Intelligent Decision Support Systems (IDSS)

Master in Artificial Intelligence (UPC-URV-UB)

Fall semester, Course 2019/2020

(4.5 ECTS, 40.5 hours)

Responsible Professor:

Miquel Sànchez i Marrè
Knowledge Engineering & Machine Learning Group
Dept. of Computer Science
Universitat Politècnica de Catalunya · BarcelonaTech
Campus Nord - Building OMEGA, 2nd floor, office 203


Professor  Office
E-mail  Phone
Miquel Sànchez i Marrè OMEGA building,
  2nd floor, office 203
Campus Nord 93 413 78 41
To convene by e-mail
Karina Gibert
C5 building,
  2nd floor, office 219
Campus Nord
93 413 73 23
To convene by e-mail


Day Hour Room
14-17 A5 BUILDING, 2nd floor, A5201
M. Sànchez/K. Gibert

Course schedule:

Lecturing periodFrom September 9th 2019 to December 16th 2019
Holidays: September 23th, 2019 (bank holiday), December 23rd 2019 - January 6th 2020 (Christmas)

Schedule Changes: None


Complexity of real-world systems or domains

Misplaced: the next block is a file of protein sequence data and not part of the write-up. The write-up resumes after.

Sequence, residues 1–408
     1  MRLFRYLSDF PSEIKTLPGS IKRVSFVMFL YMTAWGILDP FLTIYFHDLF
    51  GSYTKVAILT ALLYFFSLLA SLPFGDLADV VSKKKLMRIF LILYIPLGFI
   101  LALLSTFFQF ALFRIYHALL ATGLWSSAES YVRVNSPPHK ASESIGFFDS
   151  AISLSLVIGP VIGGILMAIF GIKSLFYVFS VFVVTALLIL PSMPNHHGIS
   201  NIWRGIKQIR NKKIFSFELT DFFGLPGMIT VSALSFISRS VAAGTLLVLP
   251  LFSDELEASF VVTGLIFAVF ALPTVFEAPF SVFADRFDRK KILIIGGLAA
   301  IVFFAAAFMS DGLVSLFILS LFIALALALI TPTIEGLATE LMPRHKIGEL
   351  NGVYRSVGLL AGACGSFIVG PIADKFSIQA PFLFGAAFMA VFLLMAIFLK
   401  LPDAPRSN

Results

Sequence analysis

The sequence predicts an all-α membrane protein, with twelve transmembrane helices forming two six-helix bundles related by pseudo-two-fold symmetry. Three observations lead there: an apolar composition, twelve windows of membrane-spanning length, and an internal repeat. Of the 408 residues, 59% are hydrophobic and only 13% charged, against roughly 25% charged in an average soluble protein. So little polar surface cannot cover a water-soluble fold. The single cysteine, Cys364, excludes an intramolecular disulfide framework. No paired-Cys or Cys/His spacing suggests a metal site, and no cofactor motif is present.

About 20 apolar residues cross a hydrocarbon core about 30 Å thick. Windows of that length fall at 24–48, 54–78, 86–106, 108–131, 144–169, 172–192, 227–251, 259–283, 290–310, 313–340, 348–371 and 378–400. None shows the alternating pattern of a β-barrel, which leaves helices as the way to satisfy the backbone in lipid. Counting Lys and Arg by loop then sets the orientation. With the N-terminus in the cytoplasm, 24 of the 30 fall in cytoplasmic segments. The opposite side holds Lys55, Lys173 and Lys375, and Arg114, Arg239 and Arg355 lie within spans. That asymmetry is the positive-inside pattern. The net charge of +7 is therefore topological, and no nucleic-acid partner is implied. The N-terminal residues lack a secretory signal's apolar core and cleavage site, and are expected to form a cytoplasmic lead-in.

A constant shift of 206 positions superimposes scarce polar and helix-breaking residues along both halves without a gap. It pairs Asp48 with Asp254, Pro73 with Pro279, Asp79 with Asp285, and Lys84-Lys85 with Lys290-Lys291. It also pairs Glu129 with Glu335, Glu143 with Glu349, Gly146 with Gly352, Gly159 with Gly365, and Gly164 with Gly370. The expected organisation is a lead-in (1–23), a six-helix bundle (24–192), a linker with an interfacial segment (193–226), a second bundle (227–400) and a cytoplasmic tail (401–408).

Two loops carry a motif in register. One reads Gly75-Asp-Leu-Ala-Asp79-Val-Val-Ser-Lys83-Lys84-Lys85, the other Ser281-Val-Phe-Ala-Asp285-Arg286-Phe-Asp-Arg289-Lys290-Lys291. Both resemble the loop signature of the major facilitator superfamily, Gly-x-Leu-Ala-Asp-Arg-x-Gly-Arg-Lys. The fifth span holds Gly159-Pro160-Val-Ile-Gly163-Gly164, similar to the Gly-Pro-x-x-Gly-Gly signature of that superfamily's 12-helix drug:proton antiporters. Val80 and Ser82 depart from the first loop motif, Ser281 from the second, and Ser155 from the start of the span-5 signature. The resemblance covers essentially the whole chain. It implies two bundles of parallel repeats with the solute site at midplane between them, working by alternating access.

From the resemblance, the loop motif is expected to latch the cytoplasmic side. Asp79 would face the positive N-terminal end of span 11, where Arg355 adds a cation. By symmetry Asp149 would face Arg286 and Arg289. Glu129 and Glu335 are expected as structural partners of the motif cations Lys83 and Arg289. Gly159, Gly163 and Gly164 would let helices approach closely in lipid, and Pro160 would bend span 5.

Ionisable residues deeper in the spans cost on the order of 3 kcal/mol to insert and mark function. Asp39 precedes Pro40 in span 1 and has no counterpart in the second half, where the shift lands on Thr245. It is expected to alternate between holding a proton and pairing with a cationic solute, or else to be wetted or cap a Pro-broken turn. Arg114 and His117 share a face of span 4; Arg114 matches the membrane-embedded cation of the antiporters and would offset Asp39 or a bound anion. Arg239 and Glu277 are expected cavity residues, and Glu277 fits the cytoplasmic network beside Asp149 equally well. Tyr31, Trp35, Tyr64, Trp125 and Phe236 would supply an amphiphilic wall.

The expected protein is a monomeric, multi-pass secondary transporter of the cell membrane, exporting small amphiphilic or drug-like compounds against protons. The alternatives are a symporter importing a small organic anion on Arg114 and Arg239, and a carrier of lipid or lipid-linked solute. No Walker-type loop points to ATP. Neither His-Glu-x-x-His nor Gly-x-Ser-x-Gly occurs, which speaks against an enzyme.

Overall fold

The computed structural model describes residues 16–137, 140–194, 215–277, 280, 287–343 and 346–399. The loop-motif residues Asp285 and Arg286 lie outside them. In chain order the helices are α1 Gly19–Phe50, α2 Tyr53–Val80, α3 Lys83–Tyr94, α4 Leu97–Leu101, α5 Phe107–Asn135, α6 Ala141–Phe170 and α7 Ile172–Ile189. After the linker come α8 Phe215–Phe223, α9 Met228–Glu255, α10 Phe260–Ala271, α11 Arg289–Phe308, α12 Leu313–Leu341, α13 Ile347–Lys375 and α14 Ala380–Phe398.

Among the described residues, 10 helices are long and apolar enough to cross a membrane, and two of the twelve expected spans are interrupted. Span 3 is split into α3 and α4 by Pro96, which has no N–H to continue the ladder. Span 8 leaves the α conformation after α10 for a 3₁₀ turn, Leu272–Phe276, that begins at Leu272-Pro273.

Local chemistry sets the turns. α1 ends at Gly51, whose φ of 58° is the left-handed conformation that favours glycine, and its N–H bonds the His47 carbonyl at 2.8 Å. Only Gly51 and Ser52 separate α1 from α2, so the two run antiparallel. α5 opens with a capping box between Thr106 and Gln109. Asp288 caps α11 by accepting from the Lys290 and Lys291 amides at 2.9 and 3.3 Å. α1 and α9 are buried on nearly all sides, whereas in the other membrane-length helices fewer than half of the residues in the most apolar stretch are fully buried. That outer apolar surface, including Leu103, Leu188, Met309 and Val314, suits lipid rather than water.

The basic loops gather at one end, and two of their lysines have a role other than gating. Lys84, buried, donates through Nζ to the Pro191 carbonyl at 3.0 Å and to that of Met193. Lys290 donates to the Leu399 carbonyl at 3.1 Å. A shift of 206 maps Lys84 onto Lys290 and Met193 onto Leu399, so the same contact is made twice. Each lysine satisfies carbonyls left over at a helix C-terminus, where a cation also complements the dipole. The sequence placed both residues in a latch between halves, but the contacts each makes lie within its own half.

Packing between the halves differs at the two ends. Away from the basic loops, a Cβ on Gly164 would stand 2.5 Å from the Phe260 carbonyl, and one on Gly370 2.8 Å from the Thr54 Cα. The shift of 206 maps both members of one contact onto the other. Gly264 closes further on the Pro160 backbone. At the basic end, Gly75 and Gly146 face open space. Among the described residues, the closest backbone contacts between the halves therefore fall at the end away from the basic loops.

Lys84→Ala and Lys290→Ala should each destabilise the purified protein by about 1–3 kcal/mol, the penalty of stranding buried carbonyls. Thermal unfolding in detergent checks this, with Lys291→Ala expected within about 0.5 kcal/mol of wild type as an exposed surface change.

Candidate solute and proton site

The need of decision support tools

Decision Theory
Modelling of Decision Process

Evolution of Decision Support Systems 
Historical perspective of Management Information Systems
Decision Support Systems (DSS) 
Advanced Decision Support Systems
Intelligent Decision Support Systems (IDSS)

Intelligent Decision Support Systems (IDSS)
IDSS Architecture
IDSS Analysis and Design
Requirements, advantages and drawbacks of IDSS 
IDSS Validation
Implementation of an IDSS in a computer: Environmental Systems Management (an example)
The Use of Intelligent Models in Decision Support
Knowledge Discovery and Data Mining
Artificial Intelligence and Statistics
Data Structure
Pre-Processing Techniques